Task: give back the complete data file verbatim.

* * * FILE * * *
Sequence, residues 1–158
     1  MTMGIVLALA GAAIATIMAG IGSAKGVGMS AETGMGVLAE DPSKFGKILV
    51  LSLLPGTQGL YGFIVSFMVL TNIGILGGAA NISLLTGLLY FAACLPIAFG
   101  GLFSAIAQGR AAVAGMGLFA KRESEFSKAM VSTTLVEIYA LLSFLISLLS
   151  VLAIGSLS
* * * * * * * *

Sequence, residues 1–158
     1  MTMGIVLALA GAAIATIMAG IGSAKGVGMS AETGMGVLAE DPSKFGKILV
    51  LSLLPGTQGL YGFIVSFMVL TNIGILGGAA NISLLTGLLY FAACLPIAFG
   101  GLFSAIAQGR AAVAGMGLFA KRESEFSKAM VSTTLVEIYA LLSFLISLLS
   151  VLAIGSLS